Thursday, May 5, 2011

The new normal

Normal is always changing, it seems. The books call our new state of being our "new normal," and it's hard to argue--the daily realities of living on (not moving on) with a broken heart wouldn't be normal to, well, normal people but it's normal to us.

Let me back up. When Miles was in the hospital, we knew that his life would always be pretty medical. He would have multiple heart surgeries during his childhood. Even when he got home, we knew his daily life would be much more medical than most children's lives--but that would be his normal. That would be our normal.

And now, since Miles died, Mitch and I have another new normal. We live a new life that eerily looks similar to the one we had before but in most ways is quite different. My new normal involves a balance of happiness and sadness all at once (an indicator of emotional maturity, my therapist assured me!); it is a feat that I did not know existed before.  Simply you could be either happy or sad, I thought. And when I was sad that lasted all the way right up until I was happy again. Now it's both at once. There's room for joy in a broken heart...and that means enjoying each day as much as possible, seeing the joy in life because that is one of the things that Miles helped us to do and knowing that we are missing Miles every moment, knowing that the world can be tragic, knowing that it should have been different for Miles and for us. We should have been able to keep him. He should have had a full life. Yet here we are--knowing our love for Miles, carrying the pain, living on, keeping him in our hearts. That's the new normal.

Learning that I was pregnant with our second child added another layer to our new normal. It was normal to be joyful about expecting our second child, normal to be reminded of the joy we felt when we learned we were pregnant with Miles, normal to know how much happiness Miles brought to us during his four and a half months here, normal to be terrified over how little control we had over our second child's health, normal even to just hope that we will carry our second child out of the hospital, normal to grieve that Miles and his sibling will not be together.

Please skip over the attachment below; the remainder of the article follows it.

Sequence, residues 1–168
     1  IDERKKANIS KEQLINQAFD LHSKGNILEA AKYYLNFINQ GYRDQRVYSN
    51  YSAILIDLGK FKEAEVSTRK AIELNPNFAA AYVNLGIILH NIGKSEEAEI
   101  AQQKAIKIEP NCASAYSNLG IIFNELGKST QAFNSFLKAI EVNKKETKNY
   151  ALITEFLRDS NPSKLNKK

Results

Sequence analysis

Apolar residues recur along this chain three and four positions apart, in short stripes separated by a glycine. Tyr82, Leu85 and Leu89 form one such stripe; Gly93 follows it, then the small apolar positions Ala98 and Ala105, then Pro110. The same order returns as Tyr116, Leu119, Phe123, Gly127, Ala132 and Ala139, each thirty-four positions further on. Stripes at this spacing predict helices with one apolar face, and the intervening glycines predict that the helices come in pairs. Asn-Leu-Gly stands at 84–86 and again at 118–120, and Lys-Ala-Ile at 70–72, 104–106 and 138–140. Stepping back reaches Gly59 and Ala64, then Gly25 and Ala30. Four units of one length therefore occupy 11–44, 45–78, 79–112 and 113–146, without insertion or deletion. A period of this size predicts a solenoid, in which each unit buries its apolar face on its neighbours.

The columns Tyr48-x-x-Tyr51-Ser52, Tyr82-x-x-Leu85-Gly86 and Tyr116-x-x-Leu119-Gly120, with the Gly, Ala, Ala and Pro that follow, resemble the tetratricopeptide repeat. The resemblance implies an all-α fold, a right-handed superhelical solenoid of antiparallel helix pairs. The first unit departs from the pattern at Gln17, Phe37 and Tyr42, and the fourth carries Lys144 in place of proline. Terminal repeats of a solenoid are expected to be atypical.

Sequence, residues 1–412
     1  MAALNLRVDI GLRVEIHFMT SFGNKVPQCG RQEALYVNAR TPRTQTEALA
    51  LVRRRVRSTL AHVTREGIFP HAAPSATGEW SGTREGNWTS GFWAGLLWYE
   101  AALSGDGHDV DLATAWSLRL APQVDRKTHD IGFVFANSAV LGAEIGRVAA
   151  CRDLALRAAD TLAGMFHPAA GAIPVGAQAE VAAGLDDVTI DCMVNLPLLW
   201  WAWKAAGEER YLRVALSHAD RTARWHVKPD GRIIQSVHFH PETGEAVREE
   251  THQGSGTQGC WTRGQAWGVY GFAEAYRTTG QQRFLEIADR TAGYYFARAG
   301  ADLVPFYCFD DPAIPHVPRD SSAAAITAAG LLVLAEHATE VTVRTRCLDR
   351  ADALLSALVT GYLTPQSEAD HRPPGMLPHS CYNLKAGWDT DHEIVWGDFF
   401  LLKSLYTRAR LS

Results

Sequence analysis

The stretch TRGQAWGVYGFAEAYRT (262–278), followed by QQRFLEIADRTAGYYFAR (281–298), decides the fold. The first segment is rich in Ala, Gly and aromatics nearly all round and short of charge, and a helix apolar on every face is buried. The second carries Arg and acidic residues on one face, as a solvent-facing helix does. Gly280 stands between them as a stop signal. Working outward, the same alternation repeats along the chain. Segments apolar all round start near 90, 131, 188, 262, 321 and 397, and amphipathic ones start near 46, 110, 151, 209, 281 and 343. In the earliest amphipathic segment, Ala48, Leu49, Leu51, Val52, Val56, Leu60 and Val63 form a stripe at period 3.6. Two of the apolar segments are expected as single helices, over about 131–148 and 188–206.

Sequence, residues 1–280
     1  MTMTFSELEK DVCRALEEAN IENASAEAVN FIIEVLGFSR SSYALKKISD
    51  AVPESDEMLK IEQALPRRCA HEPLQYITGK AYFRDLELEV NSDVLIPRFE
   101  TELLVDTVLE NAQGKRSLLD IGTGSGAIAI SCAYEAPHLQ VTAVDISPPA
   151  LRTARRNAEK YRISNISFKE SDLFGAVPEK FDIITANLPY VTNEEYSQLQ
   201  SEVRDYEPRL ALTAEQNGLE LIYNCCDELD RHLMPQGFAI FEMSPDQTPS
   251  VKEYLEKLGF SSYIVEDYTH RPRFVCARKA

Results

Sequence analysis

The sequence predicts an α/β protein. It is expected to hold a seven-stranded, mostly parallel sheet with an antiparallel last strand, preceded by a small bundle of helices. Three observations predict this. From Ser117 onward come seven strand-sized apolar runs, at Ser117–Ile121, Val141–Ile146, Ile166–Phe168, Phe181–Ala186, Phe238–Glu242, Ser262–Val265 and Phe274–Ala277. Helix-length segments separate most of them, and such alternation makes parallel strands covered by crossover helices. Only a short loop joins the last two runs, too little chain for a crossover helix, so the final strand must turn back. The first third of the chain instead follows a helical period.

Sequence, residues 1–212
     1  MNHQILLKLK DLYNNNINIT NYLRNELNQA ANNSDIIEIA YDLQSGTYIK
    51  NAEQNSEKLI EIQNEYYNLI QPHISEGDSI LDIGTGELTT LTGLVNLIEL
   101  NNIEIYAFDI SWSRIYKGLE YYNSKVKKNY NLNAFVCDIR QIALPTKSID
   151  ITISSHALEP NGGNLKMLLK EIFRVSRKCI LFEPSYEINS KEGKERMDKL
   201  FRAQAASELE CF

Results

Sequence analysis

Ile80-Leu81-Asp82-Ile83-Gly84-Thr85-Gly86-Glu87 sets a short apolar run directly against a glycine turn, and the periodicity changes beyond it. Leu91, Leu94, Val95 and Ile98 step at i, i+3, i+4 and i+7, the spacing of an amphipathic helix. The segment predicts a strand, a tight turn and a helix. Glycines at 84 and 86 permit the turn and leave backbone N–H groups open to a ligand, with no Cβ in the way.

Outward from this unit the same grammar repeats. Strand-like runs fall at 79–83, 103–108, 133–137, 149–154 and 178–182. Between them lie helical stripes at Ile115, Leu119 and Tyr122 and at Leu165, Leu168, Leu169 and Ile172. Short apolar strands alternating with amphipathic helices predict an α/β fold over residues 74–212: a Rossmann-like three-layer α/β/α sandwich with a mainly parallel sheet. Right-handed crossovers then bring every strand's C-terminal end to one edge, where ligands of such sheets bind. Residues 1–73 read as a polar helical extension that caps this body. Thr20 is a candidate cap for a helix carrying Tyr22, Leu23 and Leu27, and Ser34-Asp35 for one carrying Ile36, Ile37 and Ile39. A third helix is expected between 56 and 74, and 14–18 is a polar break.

And it was normal to immediately understand that it was news to share carefully. Mitch and I waited a long time to tell most of our friends and family about our second baby. We needed plenty of time to have the news just between the two of us, to feel all of the emotions together first.  And, most of all, it made me cry to know that already people were uncomfortable talking about Miles (though I thought about him just as often as I figure any mother thinks about her first child), that with time he was talked about even less because it was uncomfortable or because it was time to be "over it", and that talking about the new baby would become the easy go-to conversation (as if a new baby took away the pain of losing Miles and somehow made everything ok again). I wasn't ready for that. I wanted for everyone to be so happy that we were expecting our second child and to know that it didn't change our devastation over not having Miles here with us every day. Waiting to tell people didn't change their comments, their reactions...but it bought me time.  To be more ready, I guess, to live with the new normal. 

2 comments:

  1. It is so hard when others seem to expect your new baby to "fix" you - to take away the pain of loss and erase the trauma. Of course it doesn't, but it does bring joy and sorrow into a more "normal" balance and that is a great blessing. So glad you have this new happiness!

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  2. I'm so sorry to read about the loss of your sweet boy. He was absolutely amazing.
    Congrats on your new baby girl soon arriving. I pray all is well with her.
    Best wishes!

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